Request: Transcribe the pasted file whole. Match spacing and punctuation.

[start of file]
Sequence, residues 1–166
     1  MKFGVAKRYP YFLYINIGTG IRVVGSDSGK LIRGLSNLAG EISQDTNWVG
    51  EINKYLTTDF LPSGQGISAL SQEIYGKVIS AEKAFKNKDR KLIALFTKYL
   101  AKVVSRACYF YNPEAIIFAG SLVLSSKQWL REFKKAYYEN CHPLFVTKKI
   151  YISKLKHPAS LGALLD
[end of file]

Sequence, residues 1–166
     1  MKFGVAKRYP YFLYINIGTG IRVVGSDSGK LIRGLSNLAG EISQDTNWVG
    51  EINKYLTTDF LPSGQGISAL SQEIYGKVIS AEKAFKNKDR KLIALFTKYL
   101  AKVVSRACYF YNPEAIIFAG SLVLSSKQWL REFKKAYYEN CHPLFVTKKI
   151  YISKLKHPAS LGALLD